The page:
My parents are coming for about a week in Spring and my kids are probably coming for about 10 days next December for an early Christmas. In the event that they read this blog post to the end...

Please forgive me! It's not me, it's Swabia!

P.S. The EU has just banned the production of disposable plastic items such as straws, plastic plates, cups and cutlery, balloons, and plastic bags. This will be inconvenient at times, but I find it an excellent move. Why? Look at the last two photos in this article for a start.

Wednesday, December 19, 2018

Life Lately

I have really fallen behind again. This is a post I started a few weeks ago, and I'm publishing it now as a sign of life.

What have I been up to lately??


I took the train to Heidelberg for two days in mid-November to meet an old friend from Wisconsin. She runs a study abroad program for German and Swiss students who want to attend school in Wisconsin for a semester or a year, and she, her daughter (who was friends with my daughter when they were young), and a friend were here to interview interested students. Having exchange programs in common we had much to talk about along with catching up in general. Interestingly our programs are very similar except that hers costs €10,500 and ours is free beyond the plane ticket.

The next day I also met up with fellow midwestern expat blogger Mari. We meandered around town, took the Bergbahn up to the castle, popped in to visit Perkeo, the guardian of the 219,000-liter barrel of wine that resides in the castle, had lunch, and then she dumped me at the Bahnhof for my train ride home.

I also met my host mom and sister for coffee in Esslingen, a Syrian friend who likes to meet regularly to speak English, which he needs for his job training and a possible overseas experience in the USA or Canada (I'm pushing for Canada since I'm pretty sure #45's Muslim travel ban is still in effect), my Scottish student who invited me to a performance of Mozart's Requiem, my Schwiegermutter, and two teacher friends of mine. I was unusually social in November!

Falkner Adventures

M and I drove south to attend the last falconry show of the season at Schloß Hornberg, and in so doing met a new Falkner. I chatted with him a bit before the show and told him about my interest in becoming a Falknerin. He encouraged me to contact him and set up a visit to his Falknerei, which I did. M and I spent an afternoon with him and his birds, interacting with the birds we could and photographing the other ones. We each had an eagle on our arm at one point, the smaller Steppenadler for me and the impressive and very heavy Weißkopfseeadler for M.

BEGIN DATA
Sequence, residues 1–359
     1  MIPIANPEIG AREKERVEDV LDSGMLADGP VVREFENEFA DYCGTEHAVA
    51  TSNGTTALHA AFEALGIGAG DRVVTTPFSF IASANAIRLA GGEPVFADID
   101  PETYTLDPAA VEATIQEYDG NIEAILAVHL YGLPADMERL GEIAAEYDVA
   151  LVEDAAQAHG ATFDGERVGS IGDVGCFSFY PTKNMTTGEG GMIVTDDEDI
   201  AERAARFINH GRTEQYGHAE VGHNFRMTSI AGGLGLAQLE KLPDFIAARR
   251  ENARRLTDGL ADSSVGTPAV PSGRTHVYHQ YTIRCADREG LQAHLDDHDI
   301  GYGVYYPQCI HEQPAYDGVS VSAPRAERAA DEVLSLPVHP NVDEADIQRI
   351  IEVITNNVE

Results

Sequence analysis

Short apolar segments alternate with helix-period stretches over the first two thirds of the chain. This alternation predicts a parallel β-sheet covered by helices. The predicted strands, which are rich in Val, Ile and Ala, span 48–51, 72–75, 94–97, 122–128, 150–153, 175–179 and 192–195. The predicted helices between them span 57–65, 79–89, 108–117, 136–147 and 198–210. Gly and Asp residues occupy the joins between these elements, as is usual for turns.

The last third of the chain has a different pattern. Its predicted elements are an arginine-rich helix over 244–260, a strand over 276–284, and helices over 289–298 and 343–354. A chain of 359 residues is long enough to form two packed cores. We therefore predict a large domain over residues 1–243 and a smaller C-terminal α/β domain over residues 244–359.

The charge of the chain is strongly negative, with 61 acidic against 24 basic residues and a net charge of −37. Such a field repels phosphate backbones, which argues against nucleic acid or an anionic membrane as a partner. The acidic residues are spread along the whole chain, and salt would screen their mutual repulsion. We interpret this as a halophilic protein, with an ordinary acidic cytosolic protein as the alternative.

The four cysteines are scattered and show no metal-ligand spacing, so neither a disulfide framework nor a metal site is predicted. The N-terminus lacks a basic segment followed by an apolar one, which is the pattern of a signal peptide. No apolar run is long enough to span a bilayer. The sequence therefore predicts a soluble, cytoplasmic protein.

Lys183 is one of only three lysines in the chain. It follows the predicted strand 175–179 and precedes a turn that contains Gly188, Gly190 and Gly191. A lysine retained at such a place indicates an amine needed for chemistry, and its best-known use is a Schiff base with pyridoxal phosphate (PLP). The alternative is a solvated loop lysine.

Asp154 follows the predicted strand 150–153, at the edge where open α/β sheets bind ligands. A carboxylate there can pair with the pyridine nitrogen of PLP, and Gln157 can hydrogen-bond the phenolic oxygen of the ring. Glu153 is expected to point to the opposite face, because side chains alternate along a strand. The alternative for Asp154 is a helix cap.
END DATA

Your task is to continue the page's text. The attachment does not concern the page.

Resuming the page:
Aischa, Steinadler (Golden Eagle)

Weißkopfseeadler (Bald Eagle)

Harris Hawk in the setting sun


I've made the exciting leap to Lightroom for organizing and editing my photos, and I now shoot only in RAW. I still have virtually no idea what I'm doing with all those fancy sliders, but I've been watching training videos and taking extensive notes. I have great hope that I will one day be almost as good as M at making good pictures better.


Despite the fact that I thought I would love this book, I dragged myself through H is for Hawk, by Helen Macdonald. I don't know how long I took to read it, but it felt like months. I finally finished it last night.

I've also been reading hunting magazines, my Jägerprüfung book, the local newspaper every day, and everything else that begs to be read instead of H is for Hawk.

Next I'll try a German book about a Falkner in 1184


Mainly emails. I also wrote an advertisement for the chaperone position we have available - to accompany our summer exchange students to my hometown for three weeks. Let me know if you live in the Esslingen area and are curious! (Our Verein pays for your trip.)

I also wrote our Christmas letter and am in the midst of writing cards.


We went to a cooking class a few weeks ago with the theme Wild, or wild game. It wasn't at our usual place, but rather at the VHS (community college). We didn't really learn any new skills, but it was enjoyable and we met some nice people.

On our own, however, we decided to see what we could do with 2.5 kg of Hirschgulasch M had bought from Metro (like Costco). This was a three-day event, and my contribution was clean-up. In the end it was delicious, and we have four leftover portions to help us through the winter. M prepared our taste test in the style of The Taste, a competitive cooking show we like to watch. (Hirsch = stag)

Hirschgulasch mit Spätzle und Preiselbeern

The Weihnachtsmärkte (Christmas markets) have been in full swing, and I have been to the ones in Horb, Esslingen, and Stuttgart. I enjoyed the Chocolate Festival in Tübingen at the beginning of the month, and I can still taste the out-of-season fruit dipped in dripping decadence.

I hope you, dear Readers, have been having a lovely and relaxing December. Don't forget to slow down and breathe, spread kindness, and be mindful.

Happy Holidays!